Best Defense

Thomas E. Ricks' daily take on national security.

Annals of command and control (III): The problem of ‘the wall of the component’

Read Command and Control Parts I and II. By Lieutenant General John H. Cushman, USA (Ret.) Best Defense department of command and control studies When in 1862 Ulysses S. Grant took Fort Donelson on the Cumberland River with the cooperation of gunboats commanded by the U.S. Navy’s Flag-officer Foote, he did it with what amounted ...

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Read Command and Control Parts I and II.

By Lieutenant General John H. Cushman, USA (Ret.)

Best Defense department of command and control studies

Read Command and Control Parts I and II.

By Lieutenant General John H. Cushman, USA (Ret.)

Best Defense department of command and control studies

When in 1862 Ulysses S. Grant took Fort Donelson on the Cumberland River with the cooperation of gunboats commanded by the U.S. Navy’s Flag-officer Foote, he did it with what amounted to a simple handshake between the two.

Nowadays a deployed task force commander’s organization often includes U.S. Service and other nations’ contingents plus a special operations force, or a government bureau, or an NGO element. Handshakes do not suffice. Other nations’ contingents sometimes come with restrictions; relationships are spelled out. Joint doctrine calls for special operations and Service "components."

I once wrote about the "wall of the component." Let me give an example.

In 1976-78 I commanded the I Corps (ROK/US) Group defending the Western Sector of Korea’s DMZ. It consisted of three ROK corps (11 divisions), a ROK marine brigade, and the US 2d Infantry Division. I was responsible to General John W. Vessey, the CINC in Korea, for planning and preparing and, in time of war or high alert, for executing the approved ROK/US OPLAN.

On one occasion I was hosting a composite USMC field artillery battalion that had come up from Okinawa for service practice, taking advantage of a firing range in my sector. On visiting that battalion I noted its plentiful weapons and ammunition stocks.          

A few days later I was visited in my headquarters by the commander of Okinawa’s III Marine Expeditionary Force. In our conversation, I told him that I Corps Group may have to go to DEFCON 3 while his battalion was in our sector, and that I intended to modify our OPLAN so as, at such a moment, to place his battalion under the operational control of the 2d Infantry Division Artillery, whose commander would assign it a position area and mission and provide it with ammunition.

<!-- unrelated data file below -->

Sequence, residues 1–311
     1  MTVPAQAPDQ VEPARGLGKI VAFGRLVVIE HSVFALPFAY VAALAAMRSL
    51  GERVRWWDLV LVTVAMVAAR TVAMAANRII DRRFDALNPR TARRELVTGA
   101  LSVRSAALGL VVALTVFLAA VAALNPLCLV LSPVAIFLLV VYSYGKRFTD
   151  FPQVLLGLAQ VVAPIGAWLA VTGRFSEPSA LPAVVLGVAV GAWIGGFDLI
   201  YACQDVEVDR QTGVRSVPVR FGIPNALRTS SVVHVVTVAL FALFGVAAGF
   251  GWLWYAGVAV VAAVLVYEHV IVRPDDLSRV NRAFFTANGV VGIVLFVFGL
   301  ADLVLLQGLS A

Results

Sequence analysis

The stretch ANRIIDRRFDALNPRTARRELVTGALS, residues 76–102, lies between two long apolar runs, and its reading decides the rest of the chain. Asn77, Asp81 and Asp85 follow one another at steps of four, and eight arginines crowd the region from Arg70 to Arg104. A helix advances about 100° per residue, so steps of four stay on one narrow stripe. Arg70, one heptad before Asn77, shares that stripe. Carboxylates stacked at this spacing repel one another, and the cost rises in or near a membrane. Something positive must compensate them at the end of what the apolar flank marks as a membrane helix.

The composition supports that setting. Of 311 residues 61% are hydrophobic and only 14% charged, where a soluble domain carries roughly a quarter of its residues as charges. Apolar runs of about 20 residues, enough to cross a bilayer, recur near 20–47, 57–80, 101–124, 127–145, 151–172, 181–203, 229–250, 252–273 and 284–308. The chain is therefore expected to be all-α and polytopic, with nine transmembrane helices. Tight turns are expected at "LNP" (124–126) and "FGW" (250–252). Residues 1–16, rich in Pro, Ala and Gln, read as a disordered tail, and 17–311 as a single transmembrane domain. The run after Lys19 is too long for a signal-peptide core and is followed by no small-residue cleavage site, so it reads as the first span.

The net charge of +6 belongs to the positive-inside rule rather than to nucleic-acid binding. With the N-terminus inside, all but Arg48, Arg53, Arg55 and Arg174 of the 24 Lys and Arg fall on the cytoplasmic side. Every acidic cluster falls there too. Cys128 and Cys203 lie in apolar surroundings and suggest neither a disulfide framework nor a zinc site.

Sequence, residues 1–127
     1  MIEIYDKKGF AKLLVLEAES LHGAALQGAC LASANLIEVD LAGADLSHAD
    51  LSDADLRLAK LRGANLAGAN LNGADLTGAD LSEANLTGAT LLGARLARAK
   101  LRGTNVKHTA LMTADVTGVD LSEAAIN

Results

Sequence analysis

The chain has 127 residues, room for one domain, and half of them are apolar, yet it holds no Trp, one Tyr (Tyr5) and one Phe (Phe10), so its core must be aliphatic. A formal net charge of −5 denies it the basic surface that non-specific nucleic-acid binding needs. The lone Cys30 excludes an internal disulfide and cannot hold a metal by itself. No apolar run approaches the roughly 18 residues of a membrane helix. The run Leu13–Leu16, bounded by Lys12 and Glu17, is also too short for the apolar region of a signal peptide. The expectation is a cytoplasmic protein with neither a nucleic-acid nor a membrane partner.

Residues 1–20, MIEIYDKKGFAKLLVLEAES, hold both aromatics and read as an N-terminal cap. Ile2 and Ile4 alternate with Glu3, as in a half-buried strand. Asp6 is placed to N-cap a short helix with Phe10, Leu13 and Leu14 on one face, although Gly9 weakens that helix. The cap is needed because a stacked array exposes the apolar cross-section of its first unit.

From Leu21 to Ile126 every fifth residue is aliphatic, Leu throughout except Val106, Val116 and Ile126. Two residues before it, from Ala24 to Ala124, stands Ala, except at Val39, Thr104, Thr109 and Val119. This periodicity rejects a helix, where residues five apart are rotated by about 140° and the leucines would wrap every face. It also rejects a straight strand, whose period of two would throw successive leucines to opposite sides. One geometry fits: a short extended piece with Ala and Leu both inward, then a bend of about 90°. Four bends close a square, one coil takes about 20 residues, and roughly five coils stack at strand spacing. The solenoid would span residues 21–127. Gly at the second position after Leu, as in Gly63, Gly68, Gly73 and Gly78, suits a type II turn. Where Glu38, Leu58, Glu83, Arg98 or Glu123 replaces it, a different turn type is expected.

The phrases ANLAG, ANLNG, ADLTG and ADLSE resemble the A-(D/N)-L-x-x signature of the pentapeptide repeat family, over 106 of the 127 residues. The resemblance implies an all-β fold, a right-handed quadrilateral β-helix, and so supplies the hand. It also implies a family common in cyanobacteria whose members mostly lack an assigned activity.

The III MEF commander demurred, citing Marine doctrine that called for Marine units to operate with other Marines. He said that he could not agree to such wording in the I Corps Group OPLAN. When I mentioned that there were no other U.S. Marines in Korea, he stuck to his position. To do what I had in mind would, he said, "set a precedent."

I then said something like this: "General, if you were to visit Camp Casey’s headquarters of the 2d Infantry Division nearby, you would be taken to the Division Museum. There you would see a photograph of Major General John A. Lejeune, who commanded the 2d Infantry Division in France in 1918, and was later Commandant of the Marine Corps. He would be turning over in his grave at what you just told me." He was unmoved.

I reported the conversation to General Vessey who said that he would take it up with both CINCPAC and the Commander Fleet Marine Force Pacific in Hawaii. In a few days he told me that the CINCPAC would not approve his request without referring it to the Joint Chiefs of Staff. We agreed to let the matter rest but I told the CINC that I would have the 2d Divarty commander exchange call signs and radio frequencies with the Marine battalion commander. When and if DEFCON 3 were called the 2d Divarty commander would order him into action to participate in the defense of our sector.

I Corps (ROK/US) Group has since been replaced by another formation. Much else has changed, including Goldwater-Nichols. I trust that the "wall of the component" has been breached to the degree that an OPLAN such as I wanted to write then would not be questioned today.

For Harvard University’s Program on Information Policy Research, General Cushman has written Command and Control of Theater Forces: Adequacy (1983), Command and Control of Theater Forces: The Korea Command and Other Cases (1986), and Command and Control in the Mideast Coalition (1989). He self-published the pamphlet, Thoughts for Joint Commanders (1993).

Thomas E. Ricks covered the U.S. military from 1991 to 2008 for the Wall Street Journal and then the Washington Post. He can be reached at ricksblogcomment@gmail.com. Twitter: @tomricks1

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